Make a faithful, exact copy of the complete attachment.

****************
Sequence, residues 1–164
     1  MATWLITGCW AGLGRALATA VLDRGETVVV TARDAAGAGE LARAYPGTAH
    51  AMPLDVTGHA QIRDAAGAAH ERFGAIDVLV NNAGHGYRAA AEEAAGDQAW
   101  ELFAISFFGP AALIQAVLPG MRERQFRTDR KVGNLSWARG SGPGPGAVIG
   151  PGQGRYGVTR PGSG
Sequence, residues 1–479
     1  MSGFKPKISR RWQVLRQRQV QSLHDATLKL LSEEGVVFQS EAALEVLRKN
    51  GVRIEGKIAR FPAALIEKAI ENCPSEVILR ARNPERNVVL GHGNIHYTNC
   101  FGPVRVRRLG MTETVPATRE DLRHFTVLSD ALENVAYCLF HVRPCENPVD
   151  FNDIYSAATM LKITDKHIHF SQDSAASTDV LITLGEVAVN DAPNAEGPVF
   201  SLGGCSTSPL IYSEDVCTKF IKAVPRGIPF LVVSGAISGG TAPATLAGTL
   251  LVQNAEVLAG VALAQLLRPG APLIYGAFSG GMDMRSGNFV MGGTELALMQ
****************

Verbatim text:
Sequence, residues 1–164
     1  MATWLITGCW AGLGRALATA VLDRGETVVV TARDAAGAGE LARAYPGTAH
    51  AMPLDVTGHA QIRDAAGAAH ERFGAIDVLV NNAGHGYRAA AEEAAGDQAW
   101  ELFAISFFGP AALIQAVLPG MRERQFRTDR KVGNLSWARG SGPGPGAVIG
   151  PGQGRYGVTR PGSG
Sequence, residues 1–479
     1  MSGFKPKISR RWQVLRQRQV QSLHDATLKL LSEEGVVFQS EAALEVLRKN
    51  GVRIEGKIAR FPAALIEKAI ENCPSEVILR ARNPERNVVL GHGNIHYTNC
   101  FGPVRVRRLG MTETVPATRE DLRHFTVLSD ALENVAYCLF HVRPCENPVD
   151  FNDIYSAATM LKITDKHIHF SQDSAASTDV LITLGEVAVN DAPNAEGPVF
   201  SLGGCSTSPL IYSEDVCTKF IKAVPRGIPF LVVSGAISGG TAPATLAGTL
   251  LVQNAEVLAG VALAQLLRPG APLIYGAFSG GMDMRSGNFV MGGTELALMQ